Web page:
5¢ Victory

October 1st, 2016 1 comment »

Ifairmounttoot can be as cynical as anyone about befuddled, unthinking, unresponsive bureaucrats. One thoroughly surprised me last evening.  I got an almost instantaneous reply…from a human…with a resolution to a complaint.

I felt like a panel in one of Keith Knight’s Life’s Little Victories.

It was just over a nickel. I figured the rules-are-rules, that’s-the-way-it-is forces would likely ignore me or eventually tell me to go away. Instead, I got a callback within 10 minutes of emailing a complaint.

Maybe it was the French connection. Keolis manages the commuter rail here, including fare collection and ticket issuing on trains. After a terrible winter with many skipped or late trains, they try to be efficient and revenue producing.

As of July 1, the MBTA hiked fares roughly 5%. A few fares fell on one side or another of a price fence. The one at issue here was the zone 1A train fare for those with a senior card, i.e. me. The rate as of July 1 went to $1.10 one way from my Fairmount stop to South Station.

Recently and suddenly, the conductors have adamantly demanded not $2.20 for a round trip, rather $2.25. There’s a bureaucratic logic to that, in that senior prices are almost all 50% that of regular adult tickets. Yet, it’s not $1.125 one way, just $1.10.

Someone had clearly trained the conductors poorly on this fine point. One after another told me strongly that the round trip was $2.25. They just knew it. I on the other hand had seen the initial price hike info, including the posters that appeared for weeks in each train with the $1.10/$2.20 info.

No Chewing Gum

I admit that today’s nickel is yesterday penny. When I was wee, it would buy a five-stick pack of gum. Not in 2016. 5¢ pieces are earning the same disdain as 1¢ ones. They are more of an inconvenience than currency.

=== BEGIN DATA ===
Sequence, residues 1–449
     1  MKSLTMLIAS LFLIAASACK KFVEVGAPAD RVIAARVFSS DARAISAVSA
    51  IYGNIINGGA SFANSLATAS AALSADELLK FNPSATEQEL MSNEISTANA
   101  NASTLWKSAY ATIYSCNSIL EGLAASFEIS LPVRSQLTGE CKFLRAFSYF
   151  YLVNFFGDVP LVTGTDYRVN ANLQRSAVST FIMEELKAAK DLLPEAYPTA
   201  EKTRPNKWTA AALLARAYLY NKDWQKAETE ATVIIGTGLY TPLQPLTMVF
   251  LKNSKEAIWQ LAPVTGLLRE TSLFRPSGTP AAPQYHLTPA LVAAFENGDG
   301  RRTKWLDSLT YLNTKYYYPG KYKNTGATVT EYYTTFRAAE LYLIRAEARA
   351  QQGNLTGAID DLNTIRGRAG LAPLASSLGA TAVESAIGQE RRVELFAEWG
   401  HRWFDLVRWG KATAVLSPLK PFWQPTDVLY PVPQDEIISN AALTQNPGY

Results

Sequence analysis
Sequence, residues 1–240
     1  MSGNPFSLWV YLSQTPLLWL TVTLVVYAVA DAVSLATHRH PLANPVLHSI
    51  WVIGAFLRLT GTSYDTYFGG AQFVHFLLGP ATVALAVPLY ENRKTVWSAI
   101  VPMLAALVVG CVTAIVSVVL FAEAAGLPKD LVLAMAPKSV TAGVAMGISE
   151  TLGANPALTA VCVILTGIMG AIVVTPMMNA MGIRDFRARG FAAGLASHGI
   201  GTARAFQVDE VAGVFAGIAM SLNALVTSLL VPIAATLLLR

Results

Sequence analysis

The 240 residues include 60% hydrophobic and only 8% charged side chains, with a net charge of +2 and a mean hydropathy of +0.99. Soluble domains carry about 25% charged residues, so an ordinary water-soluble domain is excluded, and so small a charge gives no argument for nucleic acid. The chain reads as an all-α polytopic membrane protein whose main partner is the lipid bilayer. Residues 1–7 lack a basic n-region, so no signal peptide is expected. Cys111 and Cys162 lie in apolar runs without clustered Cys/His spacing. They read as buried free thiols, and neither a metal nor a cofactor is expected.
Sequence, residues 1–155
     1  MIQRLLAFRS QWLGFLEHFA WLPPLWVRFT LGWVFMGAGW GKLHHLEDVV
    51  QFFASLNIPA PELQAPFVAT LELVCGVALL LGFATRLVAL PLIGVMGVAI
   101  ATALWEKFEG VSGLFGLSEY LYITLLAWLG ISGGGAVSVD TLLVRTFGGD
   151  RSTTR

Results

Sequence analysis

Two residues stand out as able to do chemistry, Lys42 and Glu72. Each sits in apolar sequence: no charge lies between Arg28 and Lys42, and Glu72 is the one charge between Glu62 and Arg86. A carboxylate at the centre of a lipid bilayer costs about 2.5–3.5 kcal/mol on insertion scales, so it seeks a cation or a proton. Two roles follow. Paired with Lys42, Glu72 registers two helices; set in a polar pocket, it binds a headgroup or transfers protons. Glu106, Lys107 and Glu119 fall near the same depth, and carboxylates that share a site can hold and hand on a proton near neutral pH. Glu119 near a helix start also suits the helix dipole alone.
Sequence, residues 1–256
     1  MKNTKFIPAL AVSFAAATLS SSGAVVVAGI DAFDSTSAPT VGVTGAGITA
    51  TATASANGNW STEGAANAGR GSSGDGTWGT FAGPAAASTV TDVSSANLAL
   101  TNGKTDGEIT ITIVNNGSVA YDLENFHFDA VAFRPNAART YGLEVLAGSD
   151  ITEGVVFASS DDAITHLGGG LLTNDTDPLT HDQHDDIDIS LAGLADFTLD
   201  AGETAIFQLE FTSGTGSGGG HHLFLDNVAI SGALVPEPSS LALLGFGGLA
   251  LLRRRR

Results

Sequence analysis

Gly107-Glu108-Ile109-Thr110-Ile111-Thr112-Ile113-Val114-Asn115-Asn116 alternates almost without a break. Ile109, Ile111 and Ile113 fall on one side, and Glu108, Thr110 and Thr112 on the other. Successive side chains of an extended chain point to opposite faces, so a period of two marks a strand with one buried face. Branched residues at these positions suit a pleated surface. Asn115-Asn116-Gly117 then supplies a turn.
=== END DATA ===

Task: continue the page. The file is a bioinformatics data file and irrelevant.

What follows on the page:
Yesterday I decided to test my memory. I bought a $1.10 ticket to South Station. There, I went to the commuter-rail ticket office to:

  1. Buy a return ticket and
  2. Ask the clerk what the round trip fare is

She must be used to alter kakers and other sticklers. She didn’t laugh or tell me to drop dead. She immediately said $2.20 and then verified that by calling up the ticket on her database and computer screen. Sure enough, $2.20.

Last evening, I used the MBTA site’s contact-us tab. I sent my whiny complaint by their form.

Within a few minutes, I got a call. That was remarkable enough. Moreover, she said, “You’re right.” Beyond that she said they’d immediately send a memo to all the conductors informing them that the senior round trip in zone 1A is $2.20, not $2.25. She agreed what 5¢ was small change indeed, but “We should all be on the same page.”

Mirabile dictu!

 

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White Squirrel Fest #6

September 10th, 2016 No comments »

The JP Music Fest is a tot by Boston standard, but really they’ve pulled off six annual versions now.

We enjoyed a few hours there. As a note, the hipster quotient was low today. For example, I only counted two Trilby hats.

Here follow a few snaps of groups we heard in a few hours. I recommend following the links and listening to each. You can also catch a track from each at the JPMusicFest site.

The festival is this time each year, runs with continuous music from noon to 7, offers a wide variety, and is free.

Merrie Amsterburg plays a wide variety of instruments, including allegedly a washing machine. She was on the electric mandolin in JP. merrie3
amechoes2 America Echoes reminds audiences they are identical twins, Laura and Nina Ganci.
The America Echoes women do R&B and folk, electric and acoustic. amechoes6
boxofbirds1 Box of Birds is a folk rock quartet. Steph Durwin leads the vocals.
Guitarist Charlie Gargano of Box of Birds sang too. boxofbirds4
louder1 Louder Than Milk is a very local fun and funny country-like band.
Louder Than Milk has a drummer vocalist too, Jay Page (h.t. to Bridget Murphy). louderthanmilk